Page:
Dr. Carmen Tekwe, associate professor in the Indiana University School of Public Health-Bloomington (SPH-B), has been awarded an R01 grant from the National Institutes of Health National Institute of Diabetes and Digestive and Kidney Diseases (NIDDK) for her project entitled "Measurement error correction approaches to wearable device-based measures of physical activity and self-reported measures of dietary intake in obesity and type 2 diabetes research."
Dr. Tekwe, an associate professor in the SPH-B Department of Epidemiology and Biostatistics, is a biostatistician with research interests in developing statistical methodology to better assess data collected by wearable devices, dietary intake surveys, and radiation risk assessments, with the overall goal of developing statistical methods and software that can help clinicians make better-educated recommendations targeted toward the specific health status of their patients. In her recently funded project, researchers will develop statistical methods for analyzing diet and physical activity data obtained through self-reported dietary questionnaires and wearable devices such as fitness trackers. Dr. Tekwe seeks to address the challenges presented by the measurement errors inherent in the statistical analyses of these data.
"It is a great feeling to have your work recognized by other researchers and to be funded by the NIH, especially after being told that it is nearly impossible for them to provide this level of funding to statisticians," Dr. Tekwe says. "When I think of our recent emphasis on health disparities, I realize that it is increasingly appropriate for statisticians to develop targeted measurement error corrections so we can improve our recommendations on analyzing data for all, especially among underserved populations who are at higher risk for type 2 diabetes and obesity."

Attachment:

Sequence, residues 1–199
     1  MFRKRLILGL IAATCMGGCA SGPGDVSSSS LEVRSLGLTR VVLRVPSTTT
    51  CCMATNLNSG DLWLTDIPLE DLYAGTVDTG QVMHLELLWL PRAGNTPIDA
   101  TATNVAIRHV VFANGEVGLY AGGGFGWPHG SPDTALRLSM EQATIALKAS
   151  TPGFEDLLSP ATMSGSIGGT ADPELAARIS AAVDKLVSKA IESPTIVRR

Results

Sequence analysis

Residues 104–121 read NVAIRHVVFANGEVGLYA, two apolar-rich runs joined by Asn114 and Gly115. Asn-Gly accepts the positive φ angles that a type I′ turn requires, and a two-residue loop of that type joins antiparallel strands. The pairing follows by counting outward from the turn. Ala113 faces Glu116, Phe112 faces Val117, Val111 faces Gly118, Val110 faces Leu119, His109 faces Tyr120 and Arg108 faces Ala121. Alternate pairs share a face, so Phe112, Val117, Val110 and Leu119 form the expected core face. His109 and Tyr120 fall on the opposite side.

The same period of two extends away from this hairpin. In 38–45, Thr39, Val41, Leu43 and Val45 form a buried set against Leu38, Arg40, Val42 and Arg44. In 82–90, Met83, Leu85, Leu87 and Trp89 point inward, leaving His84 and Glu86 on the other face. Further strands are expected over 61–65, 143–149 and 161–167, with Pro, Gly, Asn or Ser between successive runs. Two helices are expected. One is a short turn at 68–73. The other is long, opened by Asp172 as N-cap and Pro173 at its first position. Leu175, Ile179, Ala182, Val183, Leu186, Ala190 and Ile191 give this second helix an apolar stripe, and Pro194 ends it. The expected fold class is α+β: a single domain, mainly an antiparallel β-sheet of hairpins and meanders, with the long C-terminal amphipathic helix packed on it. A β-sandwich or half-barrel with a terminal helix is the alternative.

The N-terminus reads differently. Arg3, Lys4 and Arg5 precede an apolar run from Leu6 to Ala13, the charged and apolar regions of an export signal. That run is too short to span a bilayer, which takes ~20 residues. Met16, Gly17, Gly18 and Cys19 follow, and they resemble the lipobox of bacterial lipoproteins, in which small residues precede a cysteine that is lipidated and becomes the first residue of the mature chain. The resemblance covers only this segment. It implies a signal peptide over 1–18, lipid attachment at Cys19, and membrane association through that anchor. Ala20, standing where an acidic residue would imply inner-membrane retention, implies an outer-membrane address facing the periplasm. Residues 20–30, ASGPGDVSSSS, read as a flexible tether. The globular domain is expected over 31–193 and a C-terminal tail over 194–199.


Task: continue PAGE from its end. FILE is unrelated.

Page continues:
Dr. Tekwe continues, "This level of recognition of our research team is a great honor and I am thankful for all my students and collaborators who made this possible. Specifically, I acknowledge Drs. Roger Zoh and Lan Xue for their contribution to this grant, and graduate student Ms. Yuanyuan Luan—who was always ready to assist with last-minute tasks—to make this award possible."
Ultimately, the project will lead to models and readily available public software to study the roles of diet and physical activity in the treatment of chronic health conditions. These tools will enable more targeted and effective interventions to address health outcome disparities among vulnerable populations. The project is funded through February of 2026.
"Rigor, reproducibility, and transparency are essential in all of science, and we are working to increase them," says SPH-B Dean David B. Allison. "Yet in few, if any, fields of science has the need to increase them—especially in the domain of measurement—been more acutely noted than in the field of nutrition. The limitations of measurement ability, and its threats to the validity and rigor of nutritional science, are profound. Too many investigators either note this limitation and dismiss it, or consider it so profound a limitation as to suggest we give up on any research that requires measuring nutritional intakes in free, living humans. Neither approach is apt. We need to measure food intake in humans, but we must do it better than we have been. Dr. Tekwe is one of a cadre of emerging leaders in the field of nutrition data science who do not accept the status quo as 'good enough' and are making the field better. We are confident she will do so, and we are proud to have her as part of our school and university to help advance knowledge through the most rigorous science."
"This is a very important addition to the toolkit for measurement in nutrition," adds Dr. Paul Coates, adjunct professor in the SPH-B Department of Applied Health Science. "Hearty congratulations to Prof. Tekwe and her splendid team."